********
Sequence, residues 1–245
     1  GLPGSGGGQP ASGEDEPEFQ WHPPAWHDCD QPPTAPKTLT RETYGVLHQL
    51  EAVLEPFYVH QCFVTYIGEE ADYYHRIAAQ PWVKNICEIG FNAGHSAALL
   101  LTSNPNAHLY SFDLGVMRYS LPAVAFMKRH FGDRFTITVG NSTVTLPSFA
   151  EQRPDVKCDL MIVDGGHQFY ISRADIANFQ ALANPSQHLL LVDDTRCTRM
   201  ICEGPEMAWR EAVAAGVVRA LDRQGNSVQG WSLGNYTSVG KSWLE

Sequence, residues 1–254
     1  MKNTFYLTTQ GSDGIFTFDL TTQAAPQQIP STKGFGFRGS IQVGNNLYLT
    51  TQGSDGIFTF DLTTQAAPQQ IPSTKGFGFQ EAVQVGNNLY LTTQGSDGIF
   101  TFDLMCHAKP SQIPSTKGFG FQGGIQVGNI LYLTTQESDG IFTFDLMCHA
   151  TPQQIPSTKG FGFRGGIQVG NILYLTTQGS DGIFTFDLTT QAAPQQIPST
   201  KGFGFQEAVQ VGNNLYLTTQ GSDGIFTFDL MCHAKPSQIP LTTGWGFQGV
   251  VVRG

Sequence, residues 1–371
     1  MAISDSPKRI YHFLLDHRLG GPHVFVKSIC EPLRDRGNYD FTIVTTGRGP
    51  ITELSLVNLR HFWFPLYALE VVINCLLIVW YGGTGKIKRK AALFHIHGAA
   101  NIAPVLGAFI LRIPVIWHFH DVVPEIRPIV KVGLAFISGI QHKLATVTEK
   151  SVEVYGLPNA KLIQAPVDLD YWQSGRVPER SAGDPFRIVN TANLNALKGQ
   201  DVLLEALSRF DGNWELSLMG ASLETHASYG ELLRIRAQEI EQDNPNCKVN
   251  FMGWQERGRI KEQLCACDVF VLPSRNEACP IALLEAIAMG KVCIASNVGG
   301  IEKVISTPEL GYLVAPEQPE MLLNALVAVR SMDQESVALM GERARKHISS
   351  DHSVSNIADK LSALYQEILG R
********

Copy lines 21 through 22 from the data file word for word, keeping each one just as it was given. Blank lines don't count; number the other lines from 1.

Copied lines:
   301  IEKVISTPEL GYLVAPEQPE MLLNALVAVR SMDQESVALM GERARKHISS
   351  DHSVSNIADK LSALYQEILG R